Posts Tagged ‘gallery’

Fans and Typewriter Ribbon

Tuesday, January 21st, 2014

On Thursday I attended an exhibition opening at the Centre for Chinese Contemporary Art that included a piece created by my friend, Andrew Lim. Andrew’s work is largely sculptural and generally involves simple, every day items that he has used to create new shapes and forms. His piece within the Tipping Point exhibition involves electric fans and some typewriter ribbon. As the fans lift and move the ribbon, it bounces against a white wall, slowly leaving an ink mark on the surface. The exhibition will be on for eight weeks and over this time the ink will build up and create interesting shapes and forms.

The simplicity of the piece and the hypnotic movement of the ribbon is brilliant. I could sit and watch it for hours.

A Visit to Manchester Museum

Wednesday, December 11th, 2013

After almost a year of living in this city, I finally took myself to Manchester Museum. I had been there for the launch of their upgraded permanent exhibition space but there had been too many people drinking free wine to see many of the exhibits. Yesterday I treated myself with a trip to the museum to make me feel better about my eye situation as I figured the stuffed animals and ancient clay jars wouldn’t laugh at my puffy face.

The Manchester Museum is an anthropological gallery showcasing the wonders of animal and human development throughout history. There are displays of amazing taxidermies animals and birds and sections dedicated to items found in ancient sites both in England and across the world. There was a case of rocks, knife ends and hippopotamus teeth found in Crewsell Crags near where Ben used to live when he was learning to be a baker.

The museum was well put together although lacked a strong narrative – I often felt like the displays weren’t interconnected and I struggled to find a desire to ‘read more’. There were some very beautiful and artistic displays which were nice to look at but I can’t say I learnt much.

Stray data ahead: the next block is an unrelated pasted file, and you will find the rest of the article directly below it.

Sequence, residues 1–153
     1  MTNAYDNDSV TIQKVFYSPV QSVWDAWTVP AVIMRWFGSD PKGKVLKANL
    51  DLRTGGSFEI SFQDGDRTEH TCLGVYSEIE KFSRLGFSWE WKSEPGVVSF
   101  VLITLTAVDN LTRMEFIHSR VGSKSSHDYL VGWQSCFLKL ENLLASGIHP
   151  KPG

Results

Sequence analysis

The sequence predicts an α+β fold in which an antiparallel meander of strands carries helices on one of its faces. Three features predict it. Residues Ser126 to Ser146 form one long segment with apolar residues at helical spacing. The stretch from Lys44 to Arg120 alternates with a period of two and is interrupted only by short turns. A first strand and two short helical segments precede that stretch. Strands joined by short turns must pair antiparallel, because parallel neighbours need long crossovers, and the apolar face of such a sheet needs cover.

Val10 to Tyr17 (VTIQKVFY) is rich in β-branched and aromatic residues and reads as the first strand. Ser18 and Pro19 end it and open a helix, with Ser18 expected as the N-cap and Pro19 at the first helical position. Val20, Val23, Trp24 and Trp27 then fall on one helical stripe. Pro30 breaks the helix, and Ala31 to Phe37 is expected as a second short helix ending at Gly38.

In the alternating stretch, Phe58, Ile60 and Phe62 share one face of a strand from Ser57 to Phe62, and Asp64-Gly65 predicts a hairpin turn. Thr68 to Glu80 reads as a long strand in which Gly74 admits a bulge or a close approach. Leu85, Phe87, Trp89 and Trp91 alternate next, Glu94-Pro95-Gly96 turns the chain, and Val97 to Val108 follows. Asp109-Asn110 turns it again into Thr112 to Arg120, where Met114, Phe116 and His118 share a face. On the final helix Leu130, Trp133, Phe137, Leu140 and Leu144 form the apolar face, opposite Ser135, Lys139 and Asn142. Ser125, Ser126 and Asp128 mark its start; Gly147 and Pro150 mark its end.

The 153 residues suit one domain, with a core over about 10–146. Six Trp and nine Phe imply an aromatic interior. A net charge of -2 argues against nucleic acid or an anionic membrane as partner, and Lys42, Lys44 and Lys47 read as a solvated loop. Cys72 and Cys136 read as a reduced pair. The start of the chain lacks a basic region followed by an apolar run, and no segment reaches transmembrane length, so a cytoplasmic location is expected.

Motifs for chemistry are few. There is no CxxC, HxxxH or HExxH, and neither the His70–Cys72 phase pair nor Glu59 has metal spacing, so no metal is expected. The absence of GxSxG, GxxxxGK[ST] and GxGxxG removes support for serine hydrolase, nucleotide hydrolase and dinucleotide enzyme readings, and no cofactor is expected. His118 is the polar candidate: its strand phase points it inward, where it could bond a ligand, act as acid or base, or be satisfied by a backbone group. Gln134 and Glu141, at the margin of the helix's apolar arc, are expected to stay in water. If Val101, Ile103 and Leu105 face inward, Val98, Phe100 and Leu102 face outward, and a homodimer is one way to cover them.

Good looking displays

Good looking displays

My favourite section was the live frogs, lizards and snakes – I always like seeing multicoloured frogs hopping around on tree branches. There was a very cool chameleon as well – he’d have more issues than me if he got conjunctivitis.

I call him Leon.

I call him Leon.

Colours, Colours, Colours

Friday, May 25th, 2012

I had a wonderful, visually provocative experience today when I went to the current exhibition at the Grand Palais. Each year an artist is invited to create a piece within the amazing, huge, open space inside the Grand Palais. For those of you who have visited Paris, you may know that this space is reserved for exhibitions and salons and usually isn’t easy to get into, and with its huge glass ceiling it is one of those places you fantasise about what it is like inside. So here was my chance.

I had been inside once before for a book salon and so knew the space was amazing. This time it was breath taking. Artist, Daniel Buren has been invited this year to create a work and he has filled the expansive area with large coloured circles that are suspended above you. You walk through this maze of colour and as the sun flows in through the glass room, the floor is covered in discs of blue, green, yellow and orange. It was just BEAUTIFUL.

Everyone needs to get on a plane and come to Paris now, just to experience this. Or just look at some of my photos.

Daniel Buren exhibition

Daniel Buren exhibition

Daniel Buren exhibition

Daniel Buren exhibition

Daniel Buren exhibition

Inspiration

Tuesday, January 10th, 2012

When my brother was visiting me in Paris, we went and saw a Stefan Sagmeister exhibition at the Les Arts Decoratifs gallery. This is one of my favourite galleries in Paris as the exhibitions focus on contemporary movements in fashion, media and art – areas of great interest to me.

Stefan Sagmeister is an Austrian designer who pushes and explores the use of design in some fascinating ways. He has gained a good enough reputation that he is able to really pursue his love for design in ways that many other people dream of doing. He is also a very intelligent and thoughtful guy and has presented numerous times for TED – a series of talks from people of various backgrounds on a wide variety of topics. One of Sagmeister’s talks was about a year-long sabbatical that he took in Bali where he stopped working for a year and focussed purely on idea development and exploring new design concepts. The personal and professional benefits that he gained from this sabbatical are quite amazing and it has made me think about how I am spending my time in Paris.